A Few Charms (Banner)

A Few Charms (Banner)

Monday, 4 July 2016

Sing. Sing out loud...

One of the best pieces of parenting advice I've ever received was from someone who was not even a parent. He was a musician and a music producer.


I can remember this day so clearly. My husband's sister Patty was celebrating her 40th birthday. Patty's husband, Jay, his brother Kevin, and his sister Jennifer, along with Jennifer's then-boyfriend (and music producer) Michael, were getting ready to play a concert on the deck at my in-law's cottage.
 
 
Michael was the drummer of the group. While he was setting up, both of my kids showed some interest in the drum set. So he let them give it a try.


My son Mitchell has always been an active and LOUD kid, as well as a clown, and we've channeled him to drums since he was quite little. At this time, when Taylor was in grade 3, she had started taking piano lessons at school, and her piano teacher said she was quite good at reading music.
  

As Taylor sat at the drums, I quietly said to Michael, "We will probably encourage her to take more music lessons because she's not a very good singer." I know that sounds harsh, but my husband and I both noticed that she sounded very off key when she sang. But this drummer straightened me out. He implored me not to discourage her from singing, saying she may learn. So I didn't rule it out.

My father was an excellent singer, involved in the Glee Club in university, and even sang with the Provincial Symphony Orchestra. I sang in the choir when I was in elementary school and for many years sang in the church choir along with my father. I would never say I was a "good singer" but maybe I was comparing myself to my dad, trying to live up to his standards.

I'm not a very religious person but, as a kid, I loved singing in church and especially loved singing Christmas carols - still do. One year, after we were married, but before we had kids, I was singing enthusiastically in church on Christmas Eve. After the service someone I know well said to me something along the lines of, "Boy, you like to belt out the tunes in church!" I can't remember exactly what she said, but I can easily recall the feeling of being shamed and embarrassed! I knew she was being sarcastic, and I was pretty sure it was a criticism.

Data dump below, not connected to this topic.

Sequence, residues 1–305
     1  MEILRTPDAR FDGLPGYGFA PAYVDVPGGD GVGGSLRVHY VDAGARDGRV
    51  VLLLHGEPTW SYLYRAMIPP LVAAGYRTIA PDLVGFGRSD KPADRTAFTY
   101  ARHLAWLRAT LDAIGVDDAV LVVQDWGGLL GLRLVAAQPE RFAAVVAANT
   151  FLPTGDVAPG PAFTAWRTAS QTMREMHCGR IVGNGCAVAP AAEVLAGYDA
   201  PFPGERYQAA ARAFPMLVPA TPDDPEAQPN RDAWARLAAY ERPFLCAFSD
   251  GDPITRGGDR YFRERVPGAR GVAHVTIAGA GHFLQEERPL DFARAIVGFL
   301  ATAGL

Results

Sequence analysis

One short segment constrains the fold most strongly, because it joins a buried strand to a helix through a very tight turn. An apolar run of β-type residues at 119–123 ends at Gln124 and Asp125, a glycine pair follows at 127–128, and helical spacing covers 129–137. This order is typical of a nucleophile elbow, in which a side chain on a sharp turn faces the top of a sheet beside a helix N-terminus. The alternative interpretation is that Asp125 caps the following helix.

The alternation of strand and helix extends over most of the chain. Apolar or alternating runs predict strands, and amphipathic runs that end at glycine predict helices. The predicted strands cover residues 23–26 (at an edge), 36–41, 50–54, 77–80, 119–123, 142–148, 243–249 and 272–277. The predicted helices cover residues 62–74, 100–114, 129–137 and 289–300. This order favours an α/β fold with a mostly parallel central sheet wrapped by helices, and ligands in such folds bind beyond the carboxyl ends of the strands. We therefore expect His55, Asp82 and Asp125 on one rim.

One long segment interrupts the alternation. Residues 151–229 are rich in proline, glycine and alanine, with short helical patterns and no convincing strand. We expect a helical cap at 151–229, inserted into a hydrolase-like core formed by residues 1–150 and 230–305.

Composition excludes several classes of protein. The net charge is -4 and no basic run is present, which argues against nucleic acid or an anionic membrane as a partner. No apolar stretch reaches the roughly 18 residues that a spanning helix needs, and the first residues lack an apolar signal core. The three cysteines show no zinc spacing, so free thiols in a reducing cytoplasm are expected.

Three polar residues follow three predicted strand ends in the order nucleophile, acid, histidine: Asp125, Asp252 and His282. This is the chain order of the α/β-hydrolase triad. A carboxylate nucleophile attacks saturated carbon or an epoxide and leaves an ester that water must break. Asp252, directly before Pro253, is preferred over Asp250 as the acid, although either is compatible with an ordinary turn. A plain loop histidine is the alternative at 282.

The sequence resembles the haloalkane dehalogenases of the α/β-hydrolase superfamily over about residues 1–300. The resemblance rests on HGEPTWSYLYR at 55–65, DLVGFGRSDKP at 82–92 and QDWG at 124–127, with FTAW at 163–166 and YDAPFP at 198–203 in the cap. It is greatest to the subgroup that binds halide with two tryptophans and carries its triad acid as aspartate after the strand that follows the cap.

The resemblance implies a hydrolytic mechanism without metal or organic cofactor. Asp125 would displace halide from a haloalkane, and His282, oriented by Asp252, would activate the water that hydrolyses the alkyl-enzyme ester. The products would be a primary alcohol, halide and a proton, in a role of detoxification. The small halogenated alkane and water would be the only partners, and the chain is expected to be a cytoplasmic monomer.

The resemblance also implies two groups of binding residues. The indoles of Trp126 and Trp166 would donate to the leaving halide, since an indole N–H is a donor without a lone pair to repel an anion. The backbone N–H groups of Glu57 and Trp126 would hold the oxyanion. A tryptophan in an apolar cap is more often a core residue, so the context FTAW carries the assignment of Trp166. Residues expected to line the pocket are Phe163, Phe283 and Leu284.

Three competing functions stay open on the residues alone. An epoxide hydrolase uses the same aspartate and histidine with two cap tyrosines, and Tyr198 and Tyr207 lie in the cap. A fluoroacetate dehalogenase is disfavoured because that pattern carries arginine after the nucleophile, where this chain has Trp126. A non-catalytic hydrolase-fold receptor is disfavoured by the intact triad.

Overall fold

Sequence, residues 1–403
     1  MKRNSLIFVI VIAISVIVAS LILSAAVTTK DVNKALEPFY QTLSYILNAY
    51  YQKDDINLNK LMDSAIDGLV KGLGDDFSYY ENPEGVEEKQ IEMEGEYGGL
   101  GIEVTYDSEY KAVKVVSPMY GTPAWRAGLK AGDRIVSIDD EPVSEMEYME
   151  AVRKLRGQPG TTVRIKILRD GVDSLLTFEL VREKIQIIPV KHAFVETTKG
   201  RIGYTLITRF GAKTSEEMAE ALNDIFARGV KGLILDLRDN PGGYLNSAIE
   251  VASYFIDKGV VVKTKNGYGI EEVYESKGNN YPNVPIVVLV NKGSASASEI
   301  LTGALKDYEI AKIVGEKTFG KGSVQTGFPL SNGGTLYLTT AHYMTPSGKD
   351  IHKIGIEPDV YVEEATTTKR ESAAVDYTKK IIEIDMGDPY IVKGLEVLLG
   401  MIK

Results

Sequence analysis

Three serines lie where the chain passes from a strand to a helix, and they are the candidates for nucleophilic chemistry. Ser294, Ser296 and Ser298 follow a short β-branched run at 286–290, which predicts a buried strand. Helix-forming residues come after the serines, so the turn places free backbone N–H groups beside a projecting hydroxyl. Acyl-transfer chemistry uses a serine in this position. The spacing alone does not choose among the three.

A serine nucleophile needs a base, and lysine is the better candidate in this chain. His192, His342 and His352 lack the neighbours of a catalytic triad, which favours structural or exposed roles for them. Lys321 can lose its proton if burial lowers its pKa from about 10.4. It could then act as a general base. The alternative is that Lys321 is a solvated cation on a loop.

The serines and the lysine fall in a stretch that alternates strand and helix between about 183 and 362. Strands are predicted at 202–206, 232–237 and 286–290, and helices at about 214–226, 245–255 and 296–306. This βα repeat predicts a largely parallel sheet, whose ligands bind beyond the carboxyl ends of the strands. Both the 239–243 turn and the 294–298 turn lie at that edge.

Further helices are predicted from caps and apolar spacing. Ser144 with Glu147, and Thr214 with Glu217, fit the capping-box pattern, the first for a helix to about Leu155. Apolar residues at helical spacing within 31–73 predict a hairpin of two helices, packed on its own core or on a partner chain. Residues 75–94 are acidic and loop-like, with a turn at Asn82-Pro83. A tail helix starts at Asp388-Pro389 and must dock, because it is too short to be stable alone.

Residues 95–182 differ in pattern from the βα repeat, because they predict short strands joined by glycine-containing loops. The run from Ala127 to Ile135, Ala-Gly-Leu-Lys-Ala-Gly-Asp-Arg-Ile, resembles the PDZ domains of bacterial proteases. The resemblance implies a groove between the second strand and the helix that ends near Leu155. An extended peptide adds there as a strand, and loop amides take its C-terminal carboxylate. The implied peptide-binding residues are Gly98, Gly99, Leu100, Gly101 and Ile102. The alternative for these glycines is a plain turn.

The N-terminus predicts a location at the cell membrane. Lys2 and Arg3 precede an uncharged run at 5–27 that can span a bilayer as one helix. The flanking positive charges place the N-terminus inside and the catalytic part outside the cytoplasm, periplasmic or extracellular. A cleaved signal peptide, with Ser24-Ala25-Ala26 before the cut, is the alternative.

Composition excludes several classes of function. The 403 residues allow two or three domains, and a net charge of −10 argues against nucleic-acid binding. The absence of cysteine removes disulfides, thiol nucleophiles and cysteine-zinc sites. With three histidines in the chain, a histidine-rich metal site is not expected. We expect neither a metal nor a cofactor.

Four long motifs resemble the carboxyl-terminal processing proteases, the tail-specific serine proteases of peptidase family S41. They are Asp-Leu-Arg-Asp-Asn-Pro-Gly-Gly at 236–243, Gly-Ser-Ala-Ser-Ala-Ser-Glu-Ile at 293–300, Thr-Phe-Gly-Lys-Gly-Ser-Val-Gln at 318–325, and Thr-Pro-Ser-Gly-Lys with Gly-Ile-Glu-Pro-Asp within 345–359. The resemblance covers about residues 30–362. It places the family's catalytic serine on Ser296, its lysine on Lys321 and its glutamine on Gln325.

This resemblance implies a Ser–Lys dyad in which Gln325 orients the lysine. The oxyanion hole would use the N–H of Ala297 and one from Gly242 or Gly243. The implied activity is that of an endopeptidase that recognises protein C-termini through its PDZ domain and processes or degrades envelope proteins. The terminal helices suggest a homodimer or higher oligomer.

When Taylor was in grade 4 she, too, started to love to sing. Her class was invited to participate in a program called "Blue in the Schools." As part of the summer Blues festival in our city, professional musicians and educators bring the Blues to local schools. They do large assemblies with the whole school but also work with a smaller group of students, sometimes writing music, learning instruments, or learning to perform. Taylor's class worked with a Blues singer from Toronto. After their 5-day intensive practice they did a performance for the rest of the school. Their joy was infectious!
 

Taylor enjoyed it so much she came home from school and said, "I don't know why I never joined choir, Mommy."  So from then on she sang in the school choir.

Despite the fact that she has dyslexia, Taylor is fascinated with words. First there were idioms, then knock-knock jokes, and riddles. Then she had little notebooks where she collected lateral-thinking quizzes and quotes from her favourite books.

In grade 6 Taylor started collecting the lyrics to her favourite Christmas carols. She printed them and put them in duo tangs and shared them with her friends. She and her friends were asked to sing Christmas carols before the morning announcements and then they were invited to sing at their school's assembly in December. Unfortunately it was a snow day and busses were cancelled, so there were only six of the girls at school that day. They resorted to asking the boys in their class to join them. (Taylor is in the pink shirt and pigtails, and you can just see Mitchell in the back row on the right)


Once kids are in middle school, music classes are all about instruments. Each class formed an orchestra and Taylor learned to play the clarinet. But she still sang in the school choir and was one of a select group of kids chosen to participate in "Blues in the Schools" again. They performed for the school, and parents, but they also got to sing on stage at the BluesFest; such a proud moment for her.
 

This year, Taylor's first year in high school, her choice for an Arts credit was vocal music, instead of instrumental. She took so much pleasure from learning more music theory and history. She now knows how to use her voice as an instrument. And Yes, I can hear you saying, "See, she did learn how to sing!"
 

The last week of April was the year-end concert with all the vocal classes in her school (about 100 students), plus choral groups from three other schools in the city. The concert took place in a beautiful French Catholic church in our neighbourhood. The parish was founded in 1891 by the Order of Capuchins and the church itself was built in 1914.  With the acoustics of this interior, and singers on two side balconies, hearing all those voices fill the air was truly magical, and moving.